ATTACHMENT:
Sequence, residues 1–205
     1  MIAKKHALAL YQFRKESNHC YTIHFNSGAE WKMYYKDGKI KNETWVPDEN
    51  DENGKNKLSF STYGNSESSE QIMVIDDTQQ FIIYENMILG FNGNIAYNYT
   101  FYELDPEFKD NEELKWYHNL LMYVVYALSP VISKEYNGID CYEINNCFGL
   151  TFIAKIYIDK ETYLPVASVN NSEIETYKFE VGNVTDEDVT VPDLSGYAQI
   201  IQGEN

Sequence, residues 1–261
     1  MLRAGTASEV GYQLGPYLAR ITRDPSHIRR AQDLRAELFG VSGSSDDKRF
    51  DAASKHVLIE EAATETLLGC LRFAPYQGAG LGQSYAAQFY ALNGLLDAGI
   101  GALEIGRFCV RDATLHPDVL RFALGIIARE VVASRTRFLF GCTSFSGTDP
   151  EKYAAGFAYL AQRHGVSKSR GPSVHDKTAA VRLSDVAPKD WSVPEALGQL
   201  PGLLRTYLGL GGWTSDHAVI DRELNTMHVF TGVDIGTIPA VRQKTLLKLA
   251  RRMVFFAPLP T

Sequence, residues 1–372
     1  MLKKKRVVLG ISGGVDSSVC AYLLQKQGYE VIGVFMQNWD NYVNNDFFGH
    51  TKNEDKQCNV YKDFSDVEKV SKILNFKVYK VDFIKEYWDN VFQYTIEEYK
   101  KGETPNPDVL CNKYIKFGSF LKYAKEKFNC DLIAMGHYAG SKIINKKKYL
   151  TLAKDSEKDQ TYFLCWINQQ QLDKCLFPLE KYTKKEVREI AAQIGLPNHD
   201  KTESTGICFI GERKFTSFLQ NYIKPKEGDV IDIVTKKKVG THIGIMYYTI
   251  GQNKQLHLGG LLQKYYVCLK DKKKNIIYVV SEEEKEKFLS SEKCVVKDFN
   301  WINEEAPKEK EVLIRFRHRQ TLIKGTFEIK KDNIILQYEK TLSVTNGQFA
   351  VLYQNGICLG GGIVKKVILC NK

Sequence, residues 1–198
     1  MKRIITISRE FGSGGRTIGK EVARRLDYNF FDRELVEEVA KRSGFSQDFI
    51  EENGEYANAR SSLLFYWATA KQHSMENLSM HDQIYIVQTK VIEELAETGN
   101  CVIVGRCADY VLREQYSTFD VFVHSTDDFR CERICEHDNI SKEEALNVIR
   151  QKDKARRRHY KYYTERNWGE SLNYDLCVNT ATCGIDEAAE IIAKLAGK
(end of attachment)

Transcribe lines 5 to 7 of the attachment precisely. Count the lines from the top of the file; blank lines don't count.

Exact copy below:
   151  TFIAKIYIDK ETYLPVASVN NSEIETYKFE VGNVTDEDVT VPDLSGYAQI
   201  IQGEN

Sequence, residues 1–261